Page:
[Figure 6] Aggressive touching in 5000 Fingers of Dr. T.
[Figure 7] Authoritative language in 5000 Fingers of Dr. T.
In Bart’s dream world Dr. Terwilliker becomes an autocratic figure who commands an army of piano playing pupils. The image in [Figure 7] depicts a moment that was tagged as authoritative language.
[Figure 8] Permissive Language and Affectionate Touching.
Mr. Zabladowski also figures in Bart’s dream world. In [Figure 8] he is shown in a sequence that was tagged as both affectionate touch and permissive language.
[Figure 9] Network graph illustrating authoritative and permissive language over the entirety of 5000 Fingers of Dr. T.
In [Figure 9] we visualised authoritative and permissive language using a graph that illustrates network relationships. Red signifies authoritative language and green signifies permissive. We also indicated speaker and addressee by varying opacity. Closer to the addressee the opacity is highest while as the joining line approaches the speaker the opacity decreases.
Using the above graph we can make observations about which adults are speaking most authoritatively to Bart (with Dr. T, and to a lesser degree, Bart’s mother both speaking more authoritatively than Mr. Zabladowski). We can also observe that Bart himself is speaking permissively to Mr. Zabladowski, perhaps revealing an implicit claim the film makes about the effectiveness of permissive parenting strategies.
[Figure 10] Network graph illustrating affectionate and aggressive touch in 5000 Fingers of Dr. T.
[Figure 10] depicts the distribution of touch (coded as affectionate, aggressive, or neutral). Additional information is noted if the touch is mutual, attempted (but failed), or magic. As in the authoritative and permissive language network graph, this visualization distinguishes an actor from receiver of touch by varying opacity. Closer to the touchee the opacity of the joining line is highest while, as the line approaches the toucher, the opacity decreases. From this data visualisation we can observe that both Mr. Zabladowski (Mr. Z.) and Bart’s mother exhibit a combination of affectionate and aggressive touch towards Bart while Mr. T. exhibits instances aggressive touch only.
We were interested in understanding how a metadata tagging scheme might be ported to another film. Given Henry Jenkins’s research on Harry Potter fandom, and given the very different take on parental authority that the Harry Potter stories seem to offer, we decided to use the film Harry Potter and the Sorcerer’s Stone as a test-subject for the same metadata framework that we had employed for 5000 Fingers of Dr. T.
In contrast to 5000 Fingers of Dr. T. the Harry Potter story world accommodates authoritative language from adults who are depicted warmly. For example, in [Figure 11] below, Professor McGonigal, a stalwart ally of the children throughout the story, can nevertheless be seen sternly lecturing Harry.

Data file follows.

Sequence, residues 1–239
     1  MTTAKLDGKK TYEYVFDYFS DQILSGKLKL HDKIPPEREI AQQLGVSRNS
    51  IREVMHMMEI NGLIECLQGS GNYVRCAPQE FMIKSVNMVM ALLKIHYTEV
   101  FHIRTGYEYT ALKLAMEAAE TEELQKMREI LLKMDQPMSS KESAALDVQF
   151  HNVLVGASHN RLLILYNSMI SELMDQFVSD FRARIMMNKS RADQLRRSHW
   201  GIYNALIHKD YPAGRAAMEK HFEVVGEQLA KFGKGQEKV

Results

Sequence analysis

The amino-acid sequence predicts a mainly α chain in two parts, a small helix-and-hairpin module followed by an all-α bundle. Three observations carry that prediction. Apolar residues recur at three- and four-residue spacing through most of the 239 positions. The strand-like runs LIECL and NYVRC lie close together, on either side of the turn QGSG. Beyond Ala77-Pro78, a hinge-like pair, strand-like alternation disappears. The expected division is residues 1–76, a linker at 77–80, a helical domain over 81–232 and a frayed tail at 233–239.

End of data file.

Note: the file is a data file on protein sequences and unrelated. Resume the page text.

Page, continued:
[Figure 11] Professor McGonigal using authoritative language
At the same time, the figure of Hagrid, relates more permissively to Harry and also frequently initiates affectionate touch, as in [Figure 12], below.
[Figure 12] Hagrid demonstrating affectionate touch towards Harry
The contrast between McGonigal and Hagrid, both of whom represent beneficent forces in Harry’s life, suggests that Harry Potter and the Sorcerer’s Stone would have a more complicated relationship to the adults in his life (compared to Bart in 5000 Fingers of Dr. T.).
The data visualization in [Figure 13], below, demonstrates that Hagrid and, to a lesser degree, McGonigal and Dumbledore express permissive language towards Harry. Authoritative language towards Harry comes from his adopted parents (Uncle Vernon and Aunt Petunia), McGonigal, Quirrell, and Filch.
[Figure 13] Network graph illustrating authoritative and permissive language in Harry Potter and the Sorcerer’s Stone.
Instances of permissive language towards Harry from Snape and Voldemort point to anomalous cases in which sarcasm (in the case of Snape) and bargaining (in the case of Voldemort) created tensions for our existing tagging schema. Rather than see these anomalous examples as failures, however, we found them to be important opportunities for revisiting close analysis.
[Figure 14] Network graph illustrating aggressive and affectionate touching in Harry Potter and the Sorcerer’s Stone.
Similarly [Figure 14], a network graph illustrating instances of touch contains examples in which pro-filmic actions created ontological tensions for our tagging schemas. In particular, we found anomalous cases of touching that did not easily conform to our metadata categories.
[Figure 15] Harry Potter touching (and being touched) by Quirrell/Voldemort.